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Nynehead Court Requires improvement

Reports


Inspection carried out on 31 October 2018

During a routine inspection

This unannounced inspection took place on 31 October 2018.

We last inspected Nynehead Court in December 2017, during that inspection we found people’s legal rights were not always understood and upheld because the service did not work in accordance with the Mental Capacity Act 2005. We also found medicines were not always managed safely and the governance systems were not fully effective.

Following the last inspection, we asked the provider to complete an action plan to show what they would do and by when to improve the key questions safe, effective and well led to at least good. During this inspection we found that improvements had been made in some areas, however we found some concerns which resulted in continued breaches in two of the regulations.

Nynehead Court is a ‘care home’. People in care homes receive accommodation and nursing or personal care as single package under one contractual agreement. CQC regulates both the premises and the care provided, and both were looked at during this inspection.

This service also provides care to people living in specialist 'extra care' housing. Extra care housing is purpose-built or adapted single household accommodation in a shared site or building. The accommodation is bought, and is the occupant's own home. People's care and housing are provided under separate contractual agreements. CQC does not regulate premises used for extra care housing; this inspection looked at people's personal care service.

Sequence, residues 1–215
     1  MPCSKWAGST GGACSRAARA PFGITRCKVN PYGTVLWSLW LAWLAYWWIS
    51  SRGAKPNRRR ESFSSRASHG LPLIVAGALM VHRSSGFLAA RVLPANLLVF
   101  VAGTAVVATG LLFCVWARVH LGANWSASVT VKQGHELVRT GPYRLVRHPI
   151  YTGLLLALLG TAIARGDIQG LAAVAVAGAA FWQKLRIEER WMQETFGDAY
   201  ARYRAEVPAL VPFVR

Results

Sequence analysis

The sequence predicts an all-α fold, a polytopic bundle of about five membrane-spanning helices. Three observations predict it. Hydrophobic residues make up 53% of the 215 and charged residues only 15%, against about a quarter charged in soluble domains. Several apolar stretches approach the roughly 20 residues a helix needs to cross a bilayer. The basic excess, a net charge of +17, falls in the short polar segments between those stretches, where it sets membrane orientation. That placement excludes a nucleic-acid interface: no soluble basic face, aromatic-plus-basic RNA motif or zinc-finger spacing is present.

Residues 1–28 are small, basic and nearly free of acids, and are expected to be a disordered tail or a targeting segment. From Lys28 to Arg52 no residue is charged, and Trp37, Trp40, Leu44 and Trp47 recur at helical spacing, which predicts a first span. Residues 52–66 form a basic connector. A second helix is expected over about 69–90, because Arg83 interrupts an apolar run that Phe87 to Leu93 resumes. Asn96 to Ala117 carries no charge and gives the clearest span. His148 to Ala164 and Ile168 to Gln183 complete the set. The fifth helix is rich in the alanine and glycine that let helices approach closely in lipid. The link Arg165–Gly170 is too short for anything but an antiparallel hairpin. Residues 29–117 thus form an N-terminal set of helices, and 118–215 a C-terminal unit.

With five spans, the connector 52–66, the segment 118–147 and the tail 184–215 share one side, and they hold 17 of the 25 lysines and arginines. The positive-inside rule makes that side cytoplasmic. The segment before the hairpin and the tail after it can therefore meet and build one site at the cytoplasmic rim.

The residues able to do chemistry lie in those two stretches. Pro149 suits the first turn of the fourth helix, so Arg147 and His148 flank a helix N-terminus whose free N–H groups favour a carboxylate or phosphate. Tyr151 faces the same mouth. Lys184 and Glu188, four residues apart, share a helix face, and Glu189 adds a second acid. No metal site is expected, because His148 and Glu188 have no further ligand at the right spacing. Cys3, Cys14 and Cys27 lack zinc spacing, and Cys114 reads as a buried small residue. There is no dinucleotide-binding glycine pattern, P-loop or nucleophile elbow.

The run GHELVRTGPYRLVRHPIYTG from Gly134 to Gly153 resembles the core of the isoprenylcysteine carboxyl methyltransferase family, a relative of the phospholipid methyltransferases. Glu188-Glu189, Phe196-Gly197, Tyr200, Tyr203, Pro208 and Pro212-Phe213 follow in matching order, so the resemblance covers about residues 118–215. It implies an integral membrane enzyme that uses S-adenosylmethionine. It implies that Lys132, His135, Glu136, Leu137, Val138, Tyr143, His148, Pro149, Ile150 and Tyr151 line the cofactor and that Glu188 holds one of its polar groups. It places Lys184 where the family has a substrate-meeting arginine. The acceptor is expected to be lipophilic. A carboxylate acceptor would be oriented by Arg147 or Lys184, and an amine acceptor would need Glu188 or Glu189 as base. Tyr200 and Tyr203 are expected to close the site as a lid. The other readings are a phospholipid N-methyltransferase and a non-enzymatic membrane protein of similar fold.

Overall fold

Nynehead Court accommodates up to 44 people (in 38 bedrooms currently all used for single occupancy) in a three-storey historic building with a purpose-built wing for people who are living with dementia. At the time of the inspection there were 32 people using the service. There were two people in receipt of personal care who were living in the extra care housing.

There was a registered manager. A registered manager is a person who has registered with the Care Quality Commission to manage the service. Like registered providers, they are 'registered persons'. Registered persons have legal responsibility for meeting the requirements in the Health and Social Care Act 2008 and associated Regulations about how the service is run.

Whilst we found some areas of medicines management had improved, there were still areas that required improvement. Risks to people were not always being identified and management plans put in place to mitigate any risks.

Care plans lacked some specific details to guide staff on how to meet people’s needs and they were not consistently person centred. Staff however knew people well and were able to describe how they supported people.

Some improvements were required to the processes in place where people lacked the capacity to make decisions for themselves. The systems in place to monitor the quality and safety of the service still required some improvement.

Staff knew how to recognise and report abuse and felt confident concerns would be acted upon. Staff told us they felt supported in their roles. There were enough staff on duty to meet people’s needs.